Combined, the four funds own about 26% of Cablevision’s Class A common stock, including the Dolans’ holdings, and 33.1% of non-Dolan shares. Although the Dolan family controls about 74% of Cablevision’s voting shares, they own less than 25% of the company’s Class A common stock. The family has said in offering documents that they would require a majority of the minority of Class A shareholders to approve the deal.
While that could mean that even without the support of the four funds, the Dolans could still push through their privatization plans, it has some analysts speculating that the deal could be dead in the water.
Adding to the uncertainty was the Oct. 12 recommendation to reject the deal from ISS Governance Services, which advises institutional investors.
In a research note, Pali Research media analyst Richard Greenfield wrote that without ClearBridge’s support, “there is virtually no hope for the Dolan offer to succeed.” Greenfield also slapped a “buy” rating on the stock.
Greenfield added in his report that there is a possibility that the Dolans could postpone the Oct. 24 meeting, possibly until Cablevision releases its third-quarter results sometime in November.
“Given that the special committee has been 'talking down’ [Cablevision] cable earnings ('talking up’ non-cable), we would not be surprised to see the Dolan family delay the shareholder vote until after they report [third-quarter] earnings (as well as reporting season for their cable industry peers, which is not expected to be terribly exciting),” Greenfield wrote.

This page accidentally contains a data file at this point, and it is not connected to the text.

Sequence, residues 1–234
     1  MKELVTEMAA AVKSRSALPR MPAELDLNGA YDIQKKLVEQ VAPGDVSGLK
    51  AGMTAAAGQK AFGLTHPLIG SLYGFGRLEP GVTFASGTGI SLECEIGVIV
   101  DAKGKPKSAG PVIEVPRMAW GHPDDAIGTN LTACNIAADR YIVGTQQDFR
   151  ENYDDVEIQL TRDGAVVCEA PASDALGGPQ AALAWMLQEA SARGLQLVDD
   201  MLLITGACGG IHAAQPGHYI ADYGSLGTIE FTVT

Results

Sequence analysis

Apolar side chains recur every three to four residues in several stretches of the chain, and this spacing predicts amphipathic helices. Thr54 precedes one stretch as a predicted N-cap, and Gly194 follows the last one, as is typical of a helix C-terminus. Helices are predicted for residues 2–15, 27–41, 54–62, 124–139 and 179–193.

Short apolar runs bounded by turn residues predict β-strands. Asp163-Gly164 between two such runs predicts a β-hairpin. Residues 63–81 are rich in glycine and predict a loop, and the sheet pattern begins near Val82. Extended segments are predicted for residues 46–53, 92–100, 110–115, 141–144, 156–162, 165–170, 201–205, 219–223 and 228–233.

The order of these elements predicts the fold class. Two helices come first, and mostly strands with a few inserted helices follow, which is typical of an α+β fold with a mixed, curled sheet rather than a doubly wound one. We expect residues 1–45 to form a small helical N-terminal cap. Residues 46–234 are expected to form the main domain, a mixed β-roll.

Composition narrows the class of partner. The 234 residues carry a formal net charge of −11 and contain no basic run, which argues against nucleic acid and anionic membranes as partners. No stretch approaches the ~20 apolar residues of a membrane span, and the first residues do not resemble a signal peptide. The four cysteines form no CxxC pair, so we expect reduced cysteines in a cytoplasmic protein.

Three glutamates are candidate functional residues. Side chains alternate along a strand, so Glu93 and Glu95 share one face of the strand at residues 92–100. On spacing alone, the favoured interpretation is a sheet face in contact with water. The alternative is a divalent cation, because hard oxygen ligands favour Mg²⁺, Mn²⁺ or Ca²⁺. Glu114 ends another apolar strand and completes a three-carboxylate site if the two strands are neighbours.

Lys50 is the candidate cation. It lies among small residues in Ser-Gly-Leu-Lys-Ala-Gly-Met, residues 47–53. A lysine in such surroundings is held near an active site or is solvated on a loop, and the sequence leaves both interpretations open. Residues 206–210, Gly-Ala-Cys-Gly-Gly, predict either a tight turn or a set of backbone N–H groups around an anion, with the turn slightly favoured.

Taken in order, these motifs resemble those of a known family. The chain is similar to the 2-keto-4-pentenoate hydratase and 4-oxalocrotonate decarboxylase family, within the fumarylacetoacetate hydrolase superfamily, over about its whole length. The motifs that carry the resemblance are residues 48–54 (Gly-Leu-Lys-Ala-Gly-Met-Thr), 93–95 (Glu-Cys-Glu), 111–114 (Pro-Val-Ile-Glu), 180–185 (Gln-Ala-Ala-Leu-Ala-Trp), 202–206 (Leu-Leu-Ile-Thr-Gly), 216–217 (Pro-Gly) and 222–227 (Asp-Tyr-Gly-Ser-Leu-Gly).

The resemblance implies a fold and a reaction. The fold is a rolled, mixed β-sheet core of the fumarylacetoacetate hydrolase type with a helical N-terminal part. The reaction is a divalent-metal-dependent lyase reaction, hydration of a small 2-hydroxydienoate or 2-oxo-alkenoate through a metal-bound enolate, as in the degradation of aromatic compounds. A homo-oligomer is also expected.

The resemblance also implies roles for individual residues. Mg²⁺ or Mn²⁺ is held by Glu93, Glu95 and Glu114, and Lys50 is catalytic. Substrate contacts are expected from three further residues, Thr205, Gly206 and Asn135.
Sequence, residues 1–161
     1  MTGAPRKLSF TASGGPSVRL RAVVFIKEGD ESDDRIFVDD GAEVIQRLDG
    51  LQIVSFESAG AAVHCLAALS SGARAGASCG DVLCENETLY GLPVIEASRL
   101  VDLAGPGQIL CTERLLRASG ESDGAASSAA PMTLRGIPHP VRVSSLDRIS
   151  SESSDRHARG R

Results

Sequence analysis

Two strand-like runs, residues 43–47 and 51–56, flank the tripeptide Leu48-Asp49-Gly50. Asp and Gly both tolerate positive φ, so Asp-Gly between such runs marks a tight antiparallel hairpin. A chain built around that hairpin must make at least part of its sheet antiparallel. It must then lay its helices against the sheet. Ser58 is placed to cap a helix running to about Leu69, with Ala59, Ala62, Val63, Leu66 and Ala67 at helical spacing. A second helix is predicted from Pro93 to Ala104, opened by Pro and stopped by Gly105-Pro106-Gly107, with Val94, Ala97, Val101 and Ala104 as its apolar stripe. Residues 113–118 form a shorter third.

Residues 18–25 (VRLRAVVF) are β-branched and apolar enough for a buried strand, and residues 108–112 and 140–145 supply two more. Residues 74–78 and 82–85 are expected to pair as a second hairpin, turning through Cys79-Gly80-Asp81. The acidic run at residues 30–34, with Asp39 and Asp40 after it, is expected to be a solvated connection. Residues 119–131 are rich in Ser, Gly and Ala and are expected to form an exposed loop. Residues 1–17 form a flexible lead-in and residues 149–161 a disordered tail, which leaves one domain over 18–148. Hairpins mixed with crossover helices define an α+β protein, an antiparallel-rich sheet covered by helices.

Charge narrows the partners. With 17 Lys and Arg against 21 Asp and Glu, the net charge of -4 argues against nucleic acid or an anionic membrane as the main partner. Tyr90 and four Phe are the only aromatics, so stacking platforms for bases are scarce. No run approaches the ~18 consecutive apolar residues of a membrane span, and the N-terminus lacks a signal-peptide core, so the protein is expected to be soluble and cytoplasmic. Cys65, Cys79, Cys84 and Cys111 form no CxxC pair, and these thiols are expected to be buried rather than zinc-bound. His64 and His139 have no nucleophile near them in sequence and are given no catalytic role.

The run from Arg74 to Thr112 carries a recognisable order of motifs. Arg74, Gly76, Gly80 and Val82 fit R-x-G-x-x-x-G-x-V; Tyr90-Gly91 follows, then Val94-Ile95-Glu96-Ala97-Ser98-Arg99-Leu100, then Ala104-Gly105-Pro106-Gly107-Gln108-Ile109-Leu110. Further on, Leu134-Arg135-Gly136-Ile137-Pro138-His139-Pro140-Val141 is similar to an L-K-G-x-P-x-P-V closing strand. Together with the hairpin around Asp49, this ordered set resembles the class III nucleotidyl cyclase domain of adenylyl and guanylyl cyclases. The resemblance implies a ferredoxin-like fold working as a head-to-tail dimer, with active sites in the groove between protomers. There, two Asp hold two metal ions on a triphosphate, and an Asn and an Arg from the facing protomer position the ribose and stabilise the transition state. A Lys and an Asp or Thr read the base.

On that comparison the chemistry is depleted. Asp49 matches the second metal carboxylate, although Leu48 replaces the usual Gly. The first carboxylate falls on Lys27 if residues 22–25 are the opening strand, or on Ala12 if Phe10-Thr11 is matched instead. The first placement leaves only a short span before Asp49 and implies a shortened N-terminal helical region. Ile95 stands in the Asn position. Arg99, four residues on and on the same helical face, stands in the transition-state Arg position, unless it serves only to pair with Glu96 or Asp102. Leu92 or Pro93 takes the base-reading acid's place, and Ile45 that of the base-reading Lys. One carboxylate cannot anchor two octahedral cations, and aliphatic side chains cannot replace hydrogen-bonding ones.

The main shareholder objection appears to be the price, but there also appears to be opposition to the possibility that shareholders would be left out of a potential sale of the cable assets in the future. In a blog post on the Gamco Web site after Jim Dolan’s Oct. 17 statement, Gamco chairman Mario Gabelli said as much.
MORE THAN A KISS
“Jimmy, my clients are not looking for — in Wall Street jargon — 'a kiss from you.’ Since the sale of [Cablevision] was not and will not be shopped, we want a piece of the back end,” Gabelli wrote.
Gabelli has been one of the more vocal opponents of the Dolan proposal, and has said publicly in the past that he believes Cablevision is worth as much as $50 per share, far higher than the Dolans’ $36.26 per share offer.
Adding to the complexity of the offer is that shareholders can block the transaction with less than a majority of the minority vote.
According to the offering documents, the Dolans have stated that if more than 10% of the minority holders “dissent,” the deal is off.
Citigroup media analyst Jason Bazinet wrote in a research report that dissenting shareholders would be those that opt to exercise their appraisal rights on their stock. That would mean hiring a third-party appraiser to value their shares and could result in those shareholders receiving more than the $36.26 per share the Dolans have offered.
So far, only one shareholder — Gamco — has indicated that it is considering exercising its appraisal rights.
In his report, Bazinet said that in its current form, the Dolan proposal has a 35% chance of passing muster.
But shareholders who oppose the deal also run the risk of seeing the value of their stock decline precipitously. Cablevision shares have been on a solid run since the Dolans took the cover off their offer in May — the stock reached as high as $38.30 per share in July — but that was mainly because of the privatization offer. With a Dolan deal off the table, Greenfield and other analysts believe the stock will retreat to the low $30-per-share range. That could be incentive enough for other shareholders to sign off on the deal.